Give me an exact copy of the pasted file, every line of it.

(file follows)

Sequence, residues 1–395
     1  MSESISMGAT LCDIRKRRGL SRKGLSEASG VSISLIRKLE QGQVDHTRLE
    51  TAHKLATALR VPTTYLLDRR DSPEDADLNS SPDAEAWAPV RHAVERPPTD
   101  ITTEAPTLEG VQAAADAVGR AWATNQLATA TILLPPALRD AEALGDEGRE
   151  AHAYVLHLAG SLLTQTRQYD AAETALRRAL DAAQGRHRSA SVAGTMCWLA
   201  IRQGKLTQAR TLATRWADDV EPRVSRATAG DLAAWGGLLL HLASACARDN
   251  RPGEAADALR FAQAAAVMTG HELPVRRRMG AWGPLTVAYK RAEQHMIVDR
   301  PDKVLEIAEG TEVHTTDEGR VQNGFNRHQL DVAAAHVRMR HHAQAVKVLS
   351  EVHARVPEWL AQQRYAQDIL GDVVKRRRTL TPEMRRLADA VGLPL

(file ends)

Sequence, residues 1–395
     1  MSESISMGAT LCDIRKRRGL SRKGLSEASG VSISLIRKLE QGQVDHTRLE
    51  TAHKLATALR VPTTYLLDRR DSPEDADLNS SPDAEAWAPV RHAVERPPTD
   101  ITTEAPTLEG VQAAADAVGR AWATNQLATA TILLPPALRD AEALGDEGRE
   151  AHAYVLHLAG SLLTQTRQYD AAETALRRAL DAAQGRHRSA SVAGTMCWLA
   201  IRQGKLTQAR TLATRWADDV EPRVSRATAG DLAAWGGLLL HLASACARDN
   251  RPGEAADALR FAQAAAVMTG HELPVRRRMG AWGPLTVAYK RAEQHMIVDR
   301  PDKVLEIAEG TEVHTTDEGR VQNGFNRHQL DVAAAHVRMR HHAQAVKVLS
   351  EVHARVPEWL AQQRYAQDIL GDVVKRRRTL TPEMRRLADA VGLPL